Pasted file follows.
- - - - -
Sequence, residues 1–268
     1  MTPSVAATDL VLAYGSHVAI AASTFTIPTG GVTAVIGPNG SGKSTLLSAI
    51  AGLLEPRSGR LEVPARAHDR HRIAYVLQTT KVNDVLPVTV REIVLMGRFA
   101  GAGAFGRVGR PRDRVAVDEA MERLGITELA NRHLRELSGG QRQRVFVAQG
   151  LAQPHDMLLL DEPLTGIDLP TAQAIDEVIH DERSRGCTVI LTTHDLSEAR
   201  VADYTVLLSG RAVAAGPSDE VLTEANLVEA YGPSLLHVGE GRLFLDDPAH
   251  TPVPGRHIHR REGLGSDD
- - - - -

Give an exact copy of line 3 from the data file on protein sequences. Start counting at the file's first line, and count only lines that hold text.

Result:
    51  AGLLEPRSGR LEVPARAHDR HRIAYVLQTT KVNDVLPVTV REIVLMGRFA